Kant’s Theory of Duty (or moral obligation) was universality. He believed that a duty must be universal for all people and all circumstances, and that the maxim of one’s actions can become a universal law of human conduct. For example, telling a lie would not be a right or moral act because if it were to become a universal law, nobody would be telling the truth and everything would be chaos. There would be no point in making statements or promises because everything you hear would be false.
The motive of goodwill and the theory of universality may sound like they are good standards to use when making rules of morality, however there are several criticisms that can be made about them.
For one, always being motivated by goodwill may be too stringent of a rule. Bill Gates gives millions of dollars away to charity each year because our government requires him to. Although he, and most wealthy people in general, probably would not donate to charity on their own (at least not as generously), the net good that is achieved from their donations may make the act okay even without goodwill. There were still millions of orphans that were fed and expensive medical research that was done thanks to their donations. So can such an act really be classified as immoral?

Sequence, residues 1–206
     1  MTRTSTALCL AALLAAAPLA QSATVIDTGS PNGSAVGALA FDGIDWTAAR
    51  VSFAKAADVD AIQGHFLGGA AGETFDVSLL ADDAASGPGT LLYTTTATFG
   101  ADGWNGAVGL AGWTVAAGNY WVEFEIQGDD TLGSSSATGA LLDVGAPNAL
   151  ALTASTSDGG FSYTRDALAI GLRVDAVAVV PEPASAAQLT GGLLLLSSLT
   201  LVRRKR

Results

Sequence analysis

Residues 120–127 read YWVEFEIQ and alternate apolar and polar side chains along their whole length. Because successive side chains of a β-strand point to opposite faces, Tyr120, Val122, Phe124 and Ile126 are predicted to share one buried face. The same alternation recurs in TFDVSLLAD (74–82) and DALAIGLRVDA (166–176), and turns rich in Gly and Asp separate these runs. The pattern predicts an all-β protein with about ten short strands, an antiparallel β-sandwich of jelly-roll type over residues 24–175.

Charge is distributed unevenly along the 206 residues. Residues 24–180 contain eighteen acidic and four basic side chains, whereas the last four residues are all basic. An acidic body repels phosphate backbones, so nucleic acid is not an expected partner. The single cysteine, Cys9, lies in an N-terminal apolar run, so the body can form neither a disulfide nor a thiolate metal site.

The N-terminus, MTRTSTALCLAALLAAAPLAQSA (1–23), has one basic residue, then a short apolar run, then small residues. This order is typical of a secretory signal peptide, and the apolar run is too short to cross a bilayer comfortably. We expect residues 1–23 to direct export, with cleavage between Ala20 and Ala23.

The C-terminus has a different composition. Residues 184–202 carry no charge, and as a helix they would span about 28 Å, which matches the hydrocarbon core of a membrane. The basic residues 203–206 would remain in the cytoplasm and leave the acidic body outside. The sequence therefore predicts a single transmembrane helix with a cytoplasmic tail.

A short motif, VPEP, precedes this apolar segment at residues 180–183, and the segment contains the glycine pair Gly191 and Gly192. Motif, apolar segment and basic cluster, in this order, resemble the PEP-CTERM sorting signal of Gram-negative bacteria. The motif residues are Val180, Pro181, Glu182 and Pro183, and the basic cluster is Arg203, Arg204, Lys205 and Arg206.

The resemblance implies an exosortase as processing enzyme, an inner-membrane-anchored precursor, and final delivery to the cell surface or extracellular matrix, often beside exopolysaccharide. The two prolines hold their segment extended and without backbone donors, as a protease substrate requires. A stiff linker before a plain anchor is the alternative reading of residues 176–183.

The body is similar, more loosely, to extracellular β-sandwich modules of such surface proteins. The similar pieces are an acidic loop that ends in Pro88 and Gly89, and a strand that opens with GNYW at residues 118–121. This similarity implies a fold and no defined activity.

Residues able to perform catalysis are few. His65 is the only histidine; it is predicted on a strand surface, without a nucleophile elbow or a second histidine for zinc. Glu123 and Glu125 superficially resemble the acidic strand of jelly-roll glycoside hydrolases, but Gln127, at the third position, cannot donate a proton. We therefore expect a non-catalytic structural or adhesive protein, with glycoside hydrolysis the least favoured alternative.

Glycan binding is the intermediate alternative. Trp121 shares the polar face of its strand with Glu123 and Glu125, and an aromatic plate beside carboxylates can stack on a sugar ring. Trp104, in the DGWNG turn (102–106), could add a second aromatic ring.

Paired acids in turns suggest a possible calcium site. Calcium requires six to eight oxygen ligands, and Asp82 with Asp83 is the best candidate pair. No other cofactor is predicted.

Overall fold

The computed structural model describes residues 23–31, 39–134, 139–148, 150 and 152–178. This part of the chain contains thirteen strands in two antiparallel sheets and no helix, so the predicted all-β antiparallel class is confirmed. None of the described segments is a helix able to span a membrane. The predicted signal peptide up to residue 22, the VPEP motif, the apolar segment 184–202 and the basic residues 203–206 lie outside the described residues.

A second major criticism of Kantian ethics is that there is no resolution for moral conflicts. For example, assume you have made a promise to a friend to have lunch at 12 noon. On your way there you witness a huge accident in which you could provide some assistance. You know that if you stop to assist the victims you will never make it to lunch and you will be breaking the promise you made to your friend. On the other hand, you are the first to arrive on the scene and you can potentially save someone’s life because they will die if they wait for an ambulance to arrive.
Because Kant believes that keeping promises is a rule (going back to universality where all rules must be consistent and reversible), he would argue that you should not stop and help the victims of this horrible wreck and you should keep your promise to your friend. Kant would justify this by saying that, If everyone were allowed to break promises, then there would be no reason to make promises or commitments in the first place because they would mean nothing. This is a problem because ignoring the moral obligation to save a life is conflicting with your obligation to your friend. Kant mentions no considerations for these dilemmas in his moral theories.
It is important to evaluate and closely examine all aspects of both the Theory of Motive and the Theory of Duty so that we can consistently make good and moral decisions in our daily lives. Although Kant may be a bit extreme in his views, it is important to understand all possible conflicts that moral motives and obligations encompass, and be able to provide a consistent way to justify your decisions. A complete understanding of these moral acts will help us make virtuous decisions consistently and provide us with the ability to make the same decisions in similar situations.